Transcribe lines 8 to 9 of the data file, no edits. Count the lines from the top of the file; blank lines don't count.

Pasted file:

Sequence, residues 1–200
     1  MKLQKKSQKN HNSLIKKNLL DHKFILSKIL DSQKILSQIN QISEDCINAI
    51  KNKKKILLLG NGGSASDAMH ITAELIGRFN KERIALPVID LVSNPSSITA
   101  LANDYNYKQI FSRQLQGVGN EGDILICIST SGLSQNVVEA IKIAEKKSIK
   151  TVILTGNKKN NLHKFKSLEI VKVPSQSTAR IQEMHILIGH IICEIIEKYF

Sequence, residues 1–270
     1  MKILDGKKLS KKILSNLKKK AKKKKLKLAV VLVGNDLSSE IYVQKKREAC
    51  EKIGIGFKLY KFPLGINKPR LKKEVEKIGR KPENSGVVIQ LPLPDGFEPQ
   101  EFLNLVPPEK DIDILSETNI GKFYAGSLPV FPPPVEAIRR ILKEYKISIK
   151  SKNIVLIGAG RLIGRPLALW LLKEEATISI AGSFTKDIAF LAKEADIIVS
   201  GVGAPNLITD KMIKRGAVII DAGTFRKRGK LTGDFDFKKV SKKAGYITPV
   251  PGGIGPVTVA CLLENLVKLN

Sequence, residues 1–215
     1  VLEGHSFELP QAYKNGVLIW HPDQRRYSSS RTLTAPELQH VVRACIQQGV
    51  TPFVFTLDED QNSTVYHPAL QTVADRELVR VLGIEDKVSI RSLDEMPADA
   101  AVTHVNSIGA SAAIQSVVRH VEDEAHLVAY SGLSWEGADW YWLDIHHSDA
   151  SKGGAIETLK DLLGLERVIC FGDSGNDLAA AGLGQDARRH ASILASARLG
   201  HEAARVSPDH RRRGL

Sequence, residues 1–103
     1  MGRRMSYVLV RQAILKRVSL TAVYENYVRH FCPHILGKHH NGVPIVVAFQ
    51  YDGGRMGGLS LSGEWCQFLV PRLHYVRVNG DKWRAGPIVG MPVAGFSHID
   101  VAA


    51  EKIGIGFKLY KFPLGINKPR LKKEVEKIGR KPENSGVVIQ LPLPDGFEPQ
   101  EFLNLVPPEK DIDILSETNI GKFYAGSLPV FPPPVEAIRR ILKEYKISIK